As the bubbling, gurgling tar-like funk starts to recede, I can now see remnants of my true self underneath (phew). And I am able to better reflect on the shiny gems set throughout last week's Mayo Clinic trip, not just the pain and the tears.
To kick things off, the flight attendants were made aware of my disease and my special needs for travel. They were very attentive, and brought me ice packs often. That was great.
There was an issue with the air conditioning where I stayed. They did all that they could, but they were simply not able to get the air-conditioning to operate with the demands of Ethel. I needed the room to be at a maximum of 60°F. Honestly I would've preferred it to be lower than that, but commercial air conditioning just can't compete with those demands 24/7.
Unfortunately they couldn't get the temps down below 70°, and there is currently a heat wave going on in Minnesota [90° are you kidding me?], so I was in a tight spot. Massive swelling, bloody noses and lots of pain. Kind of scary since the bloodwork, biopsies and the pain-filled bits that was to come with the Mayo Clinic had not even started yet.
The maintenance team actually hunted online for some type of DIY contraption to cool me down. It looked like something out of an old I Love Lucy episode, but oh my goodness it actually did work! I just wished it had more force, since the R2D2 looking contraption needed to be parked about 6 inches from me. But still, I'm blown away (Har Har, blown away) that these guys even did this for me. Another blessing.
In case you're wondering, this is a bucket from the hardware store, and inside is a water jug that was frozen solid. On top is a tiny desktop fan to push the cold air out through the PVC pipes. Pretty creative huh?
The lead doctor on my case at the Mayo Clinic decided to let us come home a week early, and said that she would work with Stanford Hospital out here in CA when my testing and surgery results came back. *Wow*
She understood how hard things were for me, and how much pain I was in. Allowing us to come home earlier meant a much cooler climate was on the horizon for me, as our air-conditioning worked better than what we had currently in Minnesota. We were not expecting to come home days early, so that was yet another huge blessing.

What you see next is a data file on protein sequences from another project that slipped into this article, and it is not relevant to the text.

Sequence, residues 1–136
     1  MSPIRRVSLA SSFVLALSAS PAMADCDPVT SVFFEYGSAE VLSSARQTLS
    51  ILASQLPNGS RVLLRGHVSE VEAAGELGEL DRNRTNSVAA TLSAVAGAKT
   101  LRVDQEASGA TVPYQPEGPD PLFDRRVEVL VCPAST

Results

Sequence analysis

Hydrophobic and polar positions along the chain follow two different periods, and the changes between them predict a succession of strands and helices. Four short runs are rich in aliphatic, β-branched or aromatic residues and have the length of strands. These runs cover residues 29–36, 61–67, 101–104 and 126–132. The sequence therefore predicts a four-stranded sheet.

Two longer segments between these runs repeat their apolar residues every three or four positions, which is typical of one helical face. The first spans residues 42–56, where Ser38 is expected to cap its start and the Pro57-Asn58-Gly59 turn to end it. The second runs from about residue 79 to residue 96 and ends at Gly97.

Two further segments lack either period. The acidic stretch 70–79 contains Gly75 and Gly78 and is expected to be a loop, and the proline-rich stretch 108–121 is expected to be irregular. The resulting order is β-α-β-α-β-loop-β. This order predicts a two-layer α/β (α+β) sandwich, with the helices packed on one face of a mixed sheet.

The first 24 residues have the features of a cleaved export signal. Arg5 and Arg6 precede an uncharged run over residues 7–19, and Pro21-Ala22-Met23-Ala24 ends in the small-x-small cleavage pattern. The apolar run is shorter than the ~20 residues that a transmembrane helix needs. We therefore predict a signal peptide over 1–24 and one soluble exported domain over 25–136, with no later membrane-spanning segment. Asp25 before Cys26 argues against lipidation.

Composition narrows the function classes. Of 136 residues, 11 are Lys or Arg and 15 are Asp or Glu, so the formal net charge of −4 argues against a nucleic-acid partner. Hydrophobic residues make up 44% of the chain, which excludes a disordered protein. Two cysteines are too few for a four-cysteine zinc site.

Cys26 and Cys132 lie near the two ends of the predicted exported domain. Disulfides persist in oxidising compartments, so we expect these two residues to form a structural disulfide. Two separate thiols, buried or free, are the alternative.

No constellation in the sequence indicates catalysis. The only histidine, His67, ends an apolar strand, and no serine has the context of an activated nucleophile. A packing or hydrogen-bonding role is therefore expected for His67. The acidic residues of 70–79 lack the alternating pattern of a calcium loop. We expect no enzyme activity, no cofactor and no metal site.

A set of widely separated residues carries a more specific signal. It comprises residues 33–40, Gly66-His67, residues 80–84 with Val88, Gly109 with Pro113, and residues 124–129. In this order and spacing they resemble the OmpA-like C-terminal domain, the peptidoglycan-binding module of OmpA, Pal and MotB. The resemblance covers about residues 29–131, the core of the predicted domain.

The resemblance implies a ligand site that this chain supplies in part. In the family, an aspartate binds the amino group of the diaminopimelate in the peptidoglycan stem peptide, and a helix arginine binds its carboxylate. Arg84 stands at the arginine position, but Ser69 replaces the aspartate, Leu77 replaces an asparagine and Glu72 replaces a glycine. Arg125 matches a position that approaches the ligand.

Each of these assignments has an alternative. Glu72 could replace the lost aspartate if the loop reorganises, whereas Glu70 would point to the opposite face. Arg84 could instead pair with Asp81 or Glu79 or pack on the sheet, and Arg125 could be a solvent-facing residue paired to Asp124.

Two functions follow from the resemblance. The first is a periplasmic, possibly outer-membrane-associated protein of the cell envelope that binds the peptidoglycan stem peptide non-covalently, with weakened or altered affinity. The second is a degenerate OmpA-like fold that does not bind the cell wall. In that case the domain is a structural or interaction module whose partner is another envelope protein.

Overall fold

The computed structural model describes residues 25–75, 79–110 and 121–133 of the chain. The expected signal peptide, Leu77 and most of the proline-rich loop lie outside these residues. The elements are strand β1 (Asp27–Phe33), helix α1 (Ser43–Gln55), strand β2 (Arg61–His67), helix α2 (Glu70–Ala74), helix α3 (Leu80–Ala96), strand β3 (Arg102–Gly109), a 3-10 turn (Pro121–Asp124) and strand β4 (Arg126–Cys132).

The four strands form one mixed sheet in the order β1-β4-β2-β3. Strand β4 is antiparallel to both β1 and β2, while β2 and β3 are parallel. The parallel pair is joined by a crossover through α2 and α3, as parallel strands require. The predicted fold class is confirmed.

The airline agreed to waive the penalties involved in getting us home. Wouldn't you know, there is a Mayo Clinic discount available.
When we got home, my husband went to go pick up our cat JitZu from where we were having her boarded. We were told that someone had anonymously paid our bill. That was not cheap. Wow, we were so thankful...
The next morning my husband drove across town to pick up our dog Olive from where she was being boarded. The owners told him that they were not going to be charging us the $450 fee, since they knew that we will were struggling with my illness on all levels. They said that they wanted to help me in some way if they could.
Again, what a massive blessing.
I had mentioned to a Spark friend that even while at my lowest, I still felt as though God was carrying me through. And I can look back and definitely see that sprinkled throughout the entire trip now. Thank you Lord!
Incredible (gentle) hugs to you all for being such pillars of strength for me. Directing your prayers and strength when I truly needed all of them was not taken for granted. YOU are blessings in my life!
And the icing on the cake, look what was parked outside across from the hospital. It's the Wiener Mobile!!! Talk about getting a great laugh when one was truly needed. My husband pushed me through the lobby in my wheelchair and we saw this last week.
Of course I had to ask if this was the new hospital shuttle. Sadly, it was not…